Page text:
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Both seem to be words for a well or a shaft. Google Images shows similar pictures for both words. So I am confused if there really is any difference between them at all. Is it just a matter of regional preferences? What is the more commonly used word in Latin America (Mexico in particular)?

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An aljibe is an underground tank in which water is stored. It is usually man-made and was mostly used to collect rainwater in the past or in areas without running water. In cities there were big aljibes filled up with water from nearby rivers, which was useful for times of drought and sieges. Nowadays some country houses have aljibes that are refilled with water from water tankers. There are a few more less common meanings for aljibe: http://lema.rae.es/drae/?val=aljibe

A pozo, when talking about water, is usually a (man-made) hole dug in the ground in order to look for water, so pozos are not a form of storage, but rather sources of water. It can also just be a deep hole in the ground (a pit). Pozo has many more specific meanings: http://lema.rae.es/drae/?val=pozo

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    Aljibe, is also called pileta, basically a water container. – Jaime Oct 3 '14 at 10:43
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The previous answer is not correct for proper Spanish (e.g., Castilian Spanish from Spain).

Regardless of the regional modes used in some Latin American countries, especially in Central and North America, e.g. Mexico, aljibe is the correct word to describe what in English is a bored water well.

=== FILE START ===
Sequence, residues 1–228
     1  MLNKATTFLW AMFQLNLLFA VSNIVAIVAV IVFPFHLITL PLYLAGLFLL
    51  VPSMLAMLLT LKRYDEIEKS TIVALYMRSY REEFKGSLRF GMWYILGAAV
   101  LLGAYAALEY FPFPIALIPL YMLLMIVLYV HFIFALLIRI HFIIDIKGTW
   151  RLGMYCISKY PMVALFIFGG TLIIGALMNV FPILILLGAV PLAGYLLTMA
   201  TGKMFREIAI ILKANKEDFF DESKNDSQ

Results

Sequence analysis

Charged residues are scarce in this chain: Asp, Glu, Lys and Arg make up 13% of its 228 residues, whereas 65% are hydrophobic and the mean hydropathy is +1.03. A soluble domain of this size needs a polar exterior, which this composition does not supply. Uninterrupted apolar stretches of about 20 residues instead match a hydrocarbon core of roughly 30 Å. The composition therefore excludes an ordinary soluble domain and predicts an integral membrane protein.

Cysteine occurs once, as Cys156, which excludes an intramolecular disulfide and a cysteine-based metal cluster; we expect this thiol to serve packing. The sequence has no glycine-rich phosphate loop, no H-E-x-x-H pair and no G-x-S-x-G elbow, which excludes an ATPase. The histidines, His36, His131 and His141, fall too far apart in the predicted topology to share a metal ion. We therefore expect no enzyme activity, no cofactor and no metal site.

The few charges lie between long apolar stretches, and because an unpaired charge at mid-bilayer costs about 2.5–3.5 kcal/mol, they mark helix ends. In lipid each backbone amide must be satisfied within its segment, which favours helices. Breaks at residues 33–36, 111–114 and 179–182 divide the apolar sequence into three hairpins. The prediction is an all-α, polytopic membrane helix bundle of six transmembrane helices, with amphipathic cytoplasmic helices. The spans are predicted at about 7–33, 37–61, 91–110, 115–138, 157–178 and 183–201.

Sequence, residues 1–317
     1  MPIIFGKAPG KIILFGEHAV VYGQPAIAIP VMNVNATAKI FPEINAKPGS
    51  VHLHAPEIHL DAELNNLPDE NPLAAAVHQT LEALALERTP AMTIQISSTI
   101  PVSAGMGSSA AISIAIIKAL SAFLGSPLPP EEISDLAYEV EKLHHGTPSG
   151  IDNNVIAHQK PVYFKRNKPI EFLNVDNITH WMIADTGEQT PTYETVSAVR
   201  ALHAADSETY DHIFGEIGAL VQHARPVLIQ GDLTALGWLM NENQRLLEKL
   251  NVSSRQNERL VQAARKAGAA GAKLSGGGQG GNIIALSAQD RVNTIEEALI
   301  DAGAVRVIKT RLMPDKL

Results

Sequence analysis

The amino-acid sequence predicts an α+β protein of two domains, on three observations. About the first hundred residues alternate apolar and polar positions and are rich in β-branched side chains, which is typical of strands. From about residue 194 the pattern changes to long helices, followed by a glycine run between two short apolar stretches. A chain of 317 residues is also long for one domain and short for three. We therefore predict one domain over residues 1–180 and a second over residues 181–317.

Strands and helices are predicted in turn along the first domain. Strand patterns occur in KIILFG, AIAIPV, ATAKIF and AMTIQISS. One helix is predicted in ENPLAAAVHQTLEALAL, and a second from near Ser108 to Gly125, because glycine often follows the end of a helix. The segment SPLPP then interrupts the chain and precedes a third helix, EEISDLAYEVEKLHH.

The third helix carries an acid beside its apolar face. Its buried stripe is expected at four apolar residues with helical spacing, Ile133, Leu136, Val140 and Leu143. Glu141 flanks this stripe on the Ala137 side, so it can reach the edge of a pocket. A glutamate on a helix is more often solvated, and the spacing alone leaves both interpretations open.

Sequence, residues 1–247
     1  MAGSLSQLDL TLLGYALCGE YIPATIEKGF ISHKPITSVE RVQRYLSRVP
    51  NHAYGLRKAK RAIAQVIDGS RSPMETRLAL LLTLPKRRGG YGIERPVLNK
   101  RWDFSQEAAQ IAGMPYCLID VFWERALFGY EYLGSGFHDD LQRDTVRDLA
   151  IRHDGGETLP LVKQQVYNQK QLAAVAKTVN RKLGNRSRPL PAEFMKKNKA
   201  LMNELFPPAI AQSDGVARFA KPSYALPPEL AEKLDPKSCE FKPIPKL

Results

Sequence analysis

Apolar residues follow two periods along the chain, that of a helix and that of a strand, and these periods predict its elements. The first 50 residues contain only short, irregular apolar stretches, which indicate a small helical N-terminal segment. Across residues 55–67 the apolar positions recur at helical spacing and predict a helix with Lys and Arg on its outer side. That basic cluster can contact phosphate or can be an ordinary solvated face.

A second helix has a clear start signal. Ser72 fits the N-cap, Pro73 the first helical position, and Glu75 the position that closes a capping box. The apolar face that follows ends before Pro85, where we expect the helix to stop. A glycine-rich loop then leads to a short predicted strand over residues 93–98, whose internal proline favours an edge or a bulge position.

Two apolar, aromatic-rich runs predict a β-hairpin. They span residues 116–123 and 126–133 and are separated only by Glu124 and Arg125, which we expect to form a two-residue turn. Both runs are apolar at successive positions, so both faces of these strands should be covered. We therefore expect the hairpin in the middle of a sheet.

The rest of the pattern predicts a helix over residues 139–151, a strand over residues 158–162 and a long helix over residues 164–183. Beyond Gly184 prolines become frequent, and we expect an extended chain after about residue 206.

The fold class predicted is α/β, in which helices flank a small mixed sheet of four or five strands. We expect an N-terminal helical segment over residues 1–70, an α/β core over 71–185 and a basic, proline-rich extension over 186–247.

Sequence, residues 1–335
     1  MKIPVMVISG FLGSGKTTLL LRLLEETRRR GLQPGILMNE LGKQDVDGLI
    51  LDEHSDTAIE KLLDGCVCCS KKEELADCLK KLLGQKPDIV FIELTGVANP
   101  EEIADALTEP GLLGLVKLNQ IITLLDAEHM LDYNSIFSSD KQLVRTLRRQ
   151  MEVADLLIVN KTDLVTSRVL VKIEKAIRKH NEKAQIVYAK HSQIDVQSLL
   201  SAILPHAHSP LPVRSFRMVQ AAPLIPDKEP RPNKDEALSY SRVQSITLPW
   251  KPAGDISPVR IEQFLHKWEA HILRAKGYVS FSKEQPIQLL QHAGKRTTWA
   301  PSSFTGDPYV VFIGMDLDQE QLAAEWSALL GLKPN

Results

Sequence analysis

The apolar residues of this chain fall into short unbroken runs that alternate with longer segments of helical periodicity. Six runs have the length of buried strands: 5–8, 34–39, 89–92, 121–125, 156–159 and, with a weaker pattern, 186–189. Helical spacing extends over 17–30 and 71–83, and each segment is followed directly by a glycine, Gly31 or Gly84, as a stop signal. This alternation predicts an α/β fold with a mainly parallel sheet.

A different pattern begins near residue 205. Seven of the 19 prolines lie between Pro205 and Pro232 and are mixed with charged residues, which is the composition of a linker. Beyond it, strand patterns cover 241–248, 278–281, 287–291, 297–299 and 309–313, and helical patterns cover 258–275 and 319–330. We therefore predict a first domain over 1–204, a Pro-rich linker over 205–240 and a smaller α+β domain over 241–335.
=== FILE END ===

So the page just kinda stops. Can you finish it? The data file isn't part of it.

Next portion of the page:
A pozo is a generic word that simply means 'hole in the ground', so it does not necessarily refer to a well unless it is accompanied by other words as in 'pozo de agua', which literally means 'hole of water' (which clearly refers to a water well).
But to call a well 'pozo' is technically incorrect; it is just an idiom, or deformation of the Spanish language.

For example, when a grave is dug at a cemetery, the workers are actually digging a 'pozo' (that is, a hole in the ground) that will be used for a grave (it is not a grave until a body is put in it).
Similarly, when someone is going to plant a tree, she/he has to make a 'pozo' in the ground to fit the roots of the tree. Conclusion: the only correct Spanish word to translate the English words 'water well' is aljibe.

(PS: I am a native Spanish speaker with a masters degree involving linguistics from Universitat Autonoma of Barcelona).

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    It looks like the RAE disagrees. For them aljibe is a water storage and a "bored water well' is a hole dug in the ground to use as a water source . – DGaleano Oct 24 '16 at 13:20
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    Welcome to Spanish Language! We are very happy to have someone with a masters degree involving linguistics in the site. But note that you have not cited any source in your answer (texts or links), just your own opinion besides the final assert that you have a masters degree. That is a book example of the fallacious argument from authority. Please, cite reliable sources (examples in books, links) to support your answer, so there is no need to appeal to your degree. – Charlie Oct 24 '16 at 15:02

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